Gap.com Going Offline Sparks Consumer Interest

Discussion
Sep 23, 2005
George Anderson

By George Anderson

Taking its Old Navy (www.oldnavy.com), Gap (www.gap.com), and Banana Republic (www.bananarepublic.com) online stores offline for several days to
complete repairs and upgrades to the sites may have been one of the smartest moves that Gap Inc. has made recently.

According to Hitwise, Old Navy and Gap saw shoppers come back in higher numbers when they were back online. Old Navy’s traffic was up five percent
and Gap’s was up 13 percent for the first full week that the sites were back up and running.

“The lengthy closures for Gap’s online stores provides a unique opportunity to examine how consumer behavior changes when top sites within an industry
segment are inaccessible,” said Bill Tancer, general manager of global research at Hitwise in a released statement. “In this case, Gap’s online stores experienced both an
incremental lift in visits after the stores reopened as well as increased search on their brands during the site closure.”

The site’s being shut down, it seems, increased consumers’ curiosity about Gap Inc.’s online businesses.

Searches conducted online for the Old Navy and Gap were up 69 percent and 88 percent during the week the sites were closed for business. According
to Hitwise, the share of searches for the two sites was greater than during the peak of the 2004 holiday season. 

“Search term data provides unprecedented insight into how key events impact online and offline brands,” said Mr. Tancer. “While it is counter-intuitive
that the market share of visits to Gap and Old Navy online stores would increase after lengthy closure, this data, in conjunction with the search term data, demonstrates the strength
of the two brands and points to firm loyalty of their customers.” 

Moderator’s Comment: What is your takeaway from Gap Inc.’s decision to close its Web sites for upgrades and consumers response during the period during
and immediately following the sites being closed for business?

George Anderson – Moderator

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5 Comments on "Gap.com Going Offline Sparks Consumer Interest"


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Karen Kingsley
Guest
Karen Kingsley
15 years 5 months ago

I’m with Mark. I don’t know that there is a reliable correlation at all. And by the way, during the time the sites were down, a popular magazine listed Old Navy as having some of the best fit jeans in the marketplace. This had to drive additional traffic to that site – except it was down! Talk about a PR nightmare.

Mark Lilien
Guest
15 years 5 months ago

Sales increases experienced when the sites reopened could be due to the better shopping experience or different fashions or normal on-line shopping growth. I see no scientific basis for concluding that sales (on-line and in-store, combined) rose by an unusual amount due to the site shutdowns. Closing the sites temporarily lost sales from people who don’t come into the stores and can buy elsewhere. And many people use Internet sites to figure out which stores to visit. Not selling or showing merchandise tells these people to go elsewhere. I hope that executives of these companies do not get their sales analysis from their pr people.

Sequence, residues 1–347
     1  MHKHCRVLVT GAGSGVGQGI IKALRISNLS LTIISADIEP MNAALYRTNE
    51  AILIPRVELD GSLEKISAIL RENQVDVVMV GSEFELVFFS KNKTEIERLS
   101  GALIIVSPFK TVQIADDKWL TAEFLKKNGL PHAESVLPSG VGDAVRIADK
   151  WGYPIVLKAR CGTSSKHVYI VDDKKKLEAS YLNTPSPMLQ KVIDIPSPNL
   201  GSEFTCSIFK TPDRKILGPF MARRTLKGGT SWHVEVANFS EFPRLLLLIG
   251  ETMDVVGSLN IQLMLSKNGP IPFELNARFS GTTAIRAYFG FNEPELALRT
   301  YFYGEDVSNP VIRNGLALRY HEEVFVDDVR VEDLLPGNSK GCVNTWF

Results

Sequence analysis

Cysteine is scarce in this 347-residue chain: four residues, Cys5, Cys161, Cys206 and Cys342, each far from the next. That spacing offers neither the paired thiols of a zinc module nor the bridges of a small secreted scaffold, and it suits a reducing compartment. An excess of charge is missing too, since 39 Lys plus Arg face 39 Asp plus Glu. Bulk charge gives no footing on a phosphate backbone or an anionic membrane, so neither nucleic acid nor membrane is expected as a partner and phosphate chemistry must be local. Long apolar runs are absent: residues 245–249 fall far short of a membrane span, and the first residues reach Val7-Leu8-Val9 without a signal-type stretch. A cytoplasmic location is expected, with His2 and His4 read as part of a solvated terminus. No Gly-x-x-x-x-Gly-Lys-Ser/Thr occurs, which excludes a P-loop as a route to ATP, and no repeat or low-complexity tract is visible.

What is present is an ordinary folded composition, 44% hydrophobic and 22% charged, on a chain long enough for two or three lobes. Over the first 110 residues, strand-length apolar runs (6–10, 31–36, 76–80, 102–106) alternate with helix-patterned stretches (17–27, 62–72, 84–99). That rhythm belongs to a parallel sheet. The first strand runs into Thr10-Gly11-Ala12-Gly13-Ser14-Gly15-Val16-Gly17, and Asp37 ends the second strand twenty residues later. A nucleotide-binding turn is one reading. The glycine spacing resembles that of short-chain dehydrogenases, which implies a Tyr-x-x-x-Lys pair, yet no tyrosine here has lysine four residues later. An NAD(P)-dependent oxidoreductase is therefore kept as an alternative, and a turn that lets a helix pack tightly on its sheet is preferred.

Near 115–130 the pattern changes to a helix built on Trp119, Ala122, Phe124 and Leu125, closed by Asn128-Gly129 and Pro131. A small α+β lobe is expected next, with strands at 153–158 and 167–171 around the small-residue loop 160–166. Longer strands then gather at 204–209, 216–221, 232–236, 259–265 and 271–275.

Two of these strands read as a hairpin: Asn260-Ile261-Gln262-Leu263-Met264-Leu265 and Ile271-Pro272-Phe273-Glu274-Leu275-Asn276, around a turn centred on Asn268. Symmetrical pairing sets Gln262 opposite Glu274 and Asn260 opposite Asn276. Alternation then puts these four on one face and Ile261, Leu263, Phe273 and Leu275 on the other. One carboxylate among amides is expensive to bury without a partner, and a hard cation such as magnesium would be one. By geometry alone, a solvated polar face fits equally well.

David Berg
Guest
David Berg
15 years 5 months ago
Unlike a physical store, an Internet store is just a name that identifies a server and it can be nearly instantly moved from one set of servers running the old site to another set running the new site. There are only two reasons to take a site down for ‘repairs’: (1) marketing trick or (2) complete technical failure. In this case, I assume the former. Further, I assume the site wasn’t “down” in a technical sense (e.g. an HTML 404 no such address error), but only down in its inability to show merchandise and take sales – in other words, there was still ‘something’ there, probably an explanation / “coming soon” sign, and I assume parts of the site (like a store locator, and mailing list signup) may have still been operational. In other words, it’s a gimmick to advertise the changes to their site. (The real changes were probably done and tested months in advance.) Thus, like any other marketing gimmick, it can only be measured by its results. Also, like other gimmicks, the… Read more »
Ed Dennis
Guest
Ed Dennis
15 years 5 months ago

– Could be a clever cover-up of a server meltdown during an update.

– Could be a clever marketing move designed to enhance web site attention.

– Could be that the web site wasn’t doing enough business to warrant the effort required to keep it up during an update.

Dave Wilkening
Guest
Dave Wilkening
15 years 5 months ago

The article notes that site “searches” and “traffic” went up. I saw no mention of actual purchases being up. Additionally, if the sites were offline, the sites were not producing sales. I would expect a dip in revenue as a result. Perhaps the redesigned site will generate more revenue over the holiday season just ahead.

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